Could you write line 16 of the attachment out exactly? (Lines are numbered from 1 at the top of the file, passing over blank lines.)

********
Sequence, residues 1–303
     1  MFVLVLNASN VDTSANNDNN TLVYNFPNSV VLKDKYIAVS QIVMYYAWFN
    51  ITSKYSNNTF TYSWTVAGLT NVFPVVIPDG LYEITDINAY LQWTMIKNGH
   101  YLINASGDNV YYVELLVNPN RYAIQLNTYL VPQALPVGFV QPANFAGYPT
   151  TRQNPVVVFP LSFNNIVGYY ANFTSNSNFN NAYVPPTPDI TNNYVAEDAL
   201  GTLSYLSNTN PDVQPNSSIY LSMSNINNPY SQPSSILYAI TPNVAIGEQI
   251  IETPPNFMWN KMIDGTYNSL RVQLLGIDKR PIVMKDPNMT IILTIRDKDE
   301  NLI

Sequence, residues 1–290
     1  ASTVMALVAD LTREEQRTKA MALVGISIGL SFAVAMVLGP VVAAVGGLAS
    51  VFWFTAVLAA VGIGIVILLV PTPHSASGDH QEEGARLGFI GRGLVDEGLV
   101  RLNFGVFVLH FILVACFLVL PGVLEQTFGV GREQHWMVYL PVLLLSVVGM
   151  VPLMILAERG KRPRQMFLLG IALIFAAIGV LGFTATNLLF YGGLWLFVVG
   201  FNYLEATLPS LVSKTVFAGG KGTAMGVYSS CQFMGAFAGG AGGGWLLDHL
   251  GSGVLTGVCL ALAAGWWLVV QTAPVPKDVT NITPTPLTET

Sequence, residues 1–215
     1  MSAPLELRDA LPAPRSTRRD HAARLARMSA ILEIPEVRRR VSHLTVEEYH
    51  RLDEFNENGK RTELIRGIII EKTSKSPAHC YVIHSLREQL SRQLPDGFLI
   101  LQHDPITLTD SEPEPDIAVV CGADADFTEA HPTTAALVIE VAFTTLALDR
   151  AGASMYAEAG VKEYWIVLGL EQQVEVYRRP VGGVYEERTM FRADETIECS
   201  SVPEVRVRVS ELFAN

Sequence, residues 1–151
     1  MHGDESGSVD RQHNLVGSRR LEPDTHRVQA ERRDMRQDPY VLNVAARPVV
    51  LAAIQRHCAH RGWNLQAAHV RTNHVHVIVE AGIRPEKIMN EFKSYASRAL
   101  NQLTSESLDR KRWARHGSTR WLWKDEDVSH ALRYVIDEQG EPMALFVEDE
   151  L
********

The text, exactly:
Sequence, residues 1–215